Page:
The Ocean of Stories

People are so afraid – today Selvadurai came running with a rumour that the water had risen again, and caused terrible destruction on the Marina. Mary became frightened, of course, because her son lives near the Lighthouse. Then, within a few minutes, Chinnaraj came from outside to say that it was all a rumour, but that the police had come to check the beach. These rumours rise and spread like fire.

There's another one that seems more plausible to me: some people living in the Srinivasapuram slum have relatives in Kalpakkam, where the nuclear plant is. The plant is right on the ocean – part of its cooling system involves seawater, and water did apparently rush into an intake pipe and flood something, and the town was evacuated, and many people there were drowned. But since then, officials have been making reassuring noises and saying that nothing has been damaged. But Mary said that people from Kalpakkam have told their relatives here that a pipe has broken, and gas has leaked, and if you smell that gas you die.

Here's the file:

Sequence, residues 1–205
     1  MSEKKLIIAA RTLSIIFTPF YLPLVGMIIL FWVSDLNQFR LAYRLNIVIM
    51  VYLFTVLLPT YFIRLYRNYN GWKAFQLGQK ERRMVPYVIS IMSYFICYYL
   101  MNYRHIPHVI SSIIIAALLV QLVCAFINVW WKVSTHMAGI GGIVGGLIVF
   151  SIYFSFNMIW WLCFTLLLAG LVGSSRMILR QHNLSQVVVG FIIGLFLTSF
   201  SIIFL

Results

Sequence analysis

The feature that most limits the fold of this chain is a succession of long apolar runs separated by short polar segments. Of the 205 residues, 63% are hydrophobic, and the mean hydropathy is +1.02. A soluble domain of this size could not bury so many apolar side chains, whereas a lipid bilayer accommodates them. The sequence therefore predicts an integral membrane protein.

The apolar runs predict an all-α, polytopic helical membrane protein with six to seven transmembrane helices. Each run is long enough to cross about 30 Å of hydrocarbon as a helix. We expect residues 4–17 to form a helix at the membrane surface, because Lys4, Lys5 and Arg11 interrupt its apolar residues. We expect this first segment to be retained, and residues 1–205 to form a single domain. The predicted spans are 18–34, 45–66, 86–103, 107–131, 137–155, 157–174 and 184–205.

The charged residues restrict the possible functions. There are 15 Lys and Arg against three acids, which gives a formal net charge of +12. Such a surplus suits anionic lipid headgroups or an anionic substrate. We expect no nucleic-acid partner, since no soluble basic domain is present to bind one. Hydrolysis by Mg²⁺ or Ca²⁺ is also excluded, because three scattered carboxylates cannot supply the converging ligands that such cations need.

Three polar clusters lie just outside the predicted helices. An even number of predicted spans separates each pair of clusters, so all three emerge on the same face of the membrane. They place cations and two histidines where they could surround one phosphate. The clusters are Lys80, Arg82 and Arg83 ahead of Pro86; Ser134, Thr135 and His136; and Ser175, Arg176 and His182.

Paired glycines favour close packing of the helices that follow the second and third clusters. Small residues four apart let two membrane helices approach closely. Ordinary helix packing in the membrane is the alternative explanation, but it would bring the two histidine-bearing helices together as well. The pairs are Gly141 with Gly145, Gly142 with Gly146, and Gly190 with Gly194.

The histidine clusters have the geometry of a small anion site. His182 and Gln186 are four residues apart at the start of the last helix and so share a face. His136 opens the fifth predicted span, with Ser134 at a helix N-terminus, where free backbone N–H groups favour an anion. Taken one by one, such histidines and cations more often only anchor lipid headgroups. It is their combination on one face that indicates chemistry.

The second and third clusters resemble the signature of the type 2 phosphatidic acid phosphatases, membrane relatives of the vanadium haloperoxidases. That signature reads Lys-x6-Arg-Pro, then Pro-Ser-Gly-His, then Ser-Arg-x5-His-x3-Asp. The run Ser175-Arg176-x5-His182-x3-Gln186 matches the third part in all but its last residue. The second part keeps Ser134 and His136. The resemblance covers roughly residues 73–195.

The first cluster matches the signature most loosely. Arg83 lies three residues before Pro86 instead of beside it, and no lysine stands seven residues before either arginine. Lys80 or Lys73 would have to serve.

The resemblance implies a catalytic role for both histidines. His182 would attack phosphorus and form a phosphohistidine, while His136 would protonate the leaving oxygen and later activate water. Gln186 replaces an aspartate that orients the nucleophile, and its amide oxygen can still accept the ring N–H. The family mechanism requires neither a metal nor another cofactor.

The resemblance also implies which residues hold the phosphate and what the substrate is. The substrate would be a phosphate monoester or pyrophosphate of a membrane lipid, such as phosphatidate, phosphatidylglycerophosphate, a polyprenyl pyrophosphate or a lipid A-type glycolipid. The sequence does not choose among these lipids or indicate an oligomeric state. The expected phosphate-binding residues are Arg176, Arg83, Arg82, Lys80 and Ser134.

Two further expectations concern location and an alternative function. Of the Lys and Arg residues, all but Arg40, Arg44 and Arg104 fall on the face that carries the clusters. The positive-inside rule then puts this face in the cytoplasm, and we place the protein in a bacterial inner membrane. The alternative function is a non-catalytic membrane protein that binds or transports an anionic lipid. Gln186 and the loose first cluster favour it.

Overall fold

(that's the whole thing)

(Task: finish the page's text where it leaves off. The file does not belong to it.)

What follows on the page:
And Lakshmi saw on the TV news a big ship that had broken in half, and one half went this way and one half went that way, and a helicopter was shown, lifting up two people from the deck. And this has been woven into the larger story, of the malevolent sea, which cannot be trusted at all at the moment.

Mary, being a devout Christian, is inclined to think that it’s the Last Days. I said, “Then you shouldn’t be afraid, you should be happy.” But she grinned and looked abashed, and muttered something about her grandchildren.

Who can blame them for their fear?

I was feeling sorry about all this, and also thinking about how much of my life is a story related to me by someone else. Perhaps this is true for most of us – we may get our stories from friends, blogs, newspapers, TV – and maybe it’s lucky for us.

I thought of the minor Greek philosopher whose work survives only in palimpsest, and imagined him having a kind of half-life in those half-erased letters, trapped behind another layer of words that are brighter, more legible, and felt that I might be the same. And remembered one of the figures which caught my imagination in childhood, the Lady of Shalotte, weaving away the time, looking at images reflected in the imperfections of a pre-industrial mirror.

But I must come back to these fancies another time: we’re having dinner guests, with, doubtless, their own stories to tell.

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